When I was in third grade at Lincoln Elementary School I wrote my first piece of fiction. It was stolen largely from a story we’d been assigned to read, but I did change enough things that I think it was okay. Okay in terms of plagiaristic leanings, that is. As a story, it sucked. I knew it even then. Now I would be in the 55th grade, if there were such a thing, and I still write stories. Only I hope they don’t suck. Of course, a few years ago, I never would have published my own work, but with things as they are today, I went ahead. Let me start by explaining my reasoning on that.
I learned all of the rules of fiction writing. Trust me, I could quote them to you, but I figure I’m boring enough as it is. I first wrote the story that became Messy Meisner for NaNoWrimo in 2013. I didn’t win that year, because there just weren’t enough words in the story. And there still aren’t, in fact there are fewer than there were originally. But, at least so far as I know, it’s a good story. It involves puppies getting stolen, and our hero kids solve the mystery of who is stealing them and why. And, they get the puppies back, including Messy Meisner’s own Basset puppy, named Spike. Spike is named after a Basset I owned, who sadly is no longer with us, but his picture is on the cover. I think it’s a good story, and reasonably well done, but I’ve had trouble getting agents and editors interested, for a couple of good reasons.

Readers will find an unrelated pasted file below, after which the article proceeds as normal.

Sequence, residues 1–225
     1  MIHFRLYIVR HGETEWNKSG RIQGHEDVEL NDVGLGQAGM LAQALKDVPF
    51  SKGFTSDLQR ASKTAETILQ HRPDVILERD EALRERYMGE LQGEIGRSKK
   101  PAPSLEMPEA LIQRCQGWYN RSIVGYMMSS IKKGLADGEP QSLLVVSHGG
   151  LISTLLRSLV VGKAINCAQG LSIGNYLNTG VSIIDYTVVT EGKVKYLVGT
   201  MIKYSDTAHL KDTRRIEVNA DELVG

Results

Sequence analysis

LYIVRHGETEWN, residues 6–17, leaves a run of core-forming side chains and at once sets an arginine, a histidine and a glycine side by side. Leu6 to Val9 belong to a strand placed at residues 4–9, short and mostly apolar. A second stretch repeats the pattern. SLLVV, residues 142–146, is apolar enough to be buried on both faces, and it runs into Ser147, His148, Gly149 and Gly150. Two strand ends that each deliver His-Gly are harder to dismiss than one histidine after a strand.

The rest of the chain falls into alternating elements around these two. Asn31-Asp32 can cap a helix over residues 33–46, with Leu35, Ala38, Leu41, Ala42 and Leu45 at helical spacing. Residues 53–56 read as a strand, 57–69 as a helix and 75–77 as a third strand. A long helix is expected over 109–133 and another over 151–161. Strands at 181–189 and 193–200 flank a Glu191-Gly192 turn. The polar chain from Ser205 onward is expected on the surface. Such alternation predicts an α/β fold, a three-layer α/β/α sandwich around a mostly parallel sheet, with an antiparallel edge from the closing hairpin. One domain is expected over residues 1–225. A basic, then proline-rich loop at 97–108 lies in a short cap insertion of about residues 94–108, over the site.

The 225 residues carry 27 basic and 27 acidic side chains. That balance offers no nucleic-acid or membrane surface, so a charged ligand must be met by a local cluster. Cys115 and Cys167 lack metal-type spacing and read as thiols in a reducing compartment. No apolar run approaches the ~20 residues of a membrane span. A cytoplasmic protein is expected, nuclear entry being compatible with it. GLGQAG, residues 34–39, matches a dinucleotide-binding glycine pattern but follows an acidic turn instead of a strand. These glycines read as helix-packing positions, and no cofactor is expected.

First, it hasn’t always been so well written and tight. Yes, believe it or not, I’m still learning how to put words together at the age of 66. So, what they saw was not as good as what now exists. And, going back to an editor or agent who has already rejected a work? Well, maybe. Probably not a good idea, though, at least not unless you have a new project. (Messy is the first in a series, but that’s for a later post.)
Second, I’m a hugely privileged person. I’m a tall, blue eyed male born in the middle of the twentieth century in the middle of the US of A. I know that a lot of white folks aren’t aware that such a birth confers privilege, but I know that it does. One of the privileges is that I don’t have to think about race or culture or diversity. I do, mind you, but I don’t have to. In the case of this series, a couple of the characters have Hispanic last names, but you only see one of those names in Messy. The other kids could be white, or black, or Asian, or from Kenya, and it wouldn’t make any difference to the story, so I just don’t mention anything about cultural or racial background in the book. I think that’s fine, but the big buzzword lately is “DIVERSITY.” You may have noticed. That’s fine, too. I live in Las Vegas, Nevada, one of the most diverse places, in every sense of that word, on the planet. We are minority majority in Southern Nevada, so I deal with many varieties of people all the time. And, being privileged, I just don’t give a hoot about their ethnicity, etc. Fine for me, but it makes it less likely that Messy is going to get picked up by any sort of traditional publisher.
So, now Messy Meisner is available as a Kindle™ book, or as a paperback from CreateSpace™ by Amazon™. Maybe it will do really well and some traditional publisher will snap it up and I’ll be rich and make even more money off of the movie. Or, maybe it will sell well enough that I’ll publish the next two books in the series while I keep working on that YA novel I’ve had going for a while. We’ll see.
Twitter: @stevefey https://twitter.com/stevefey
Buy the Paperback: https://www.createspace.com/5913324, or on Amazon.com.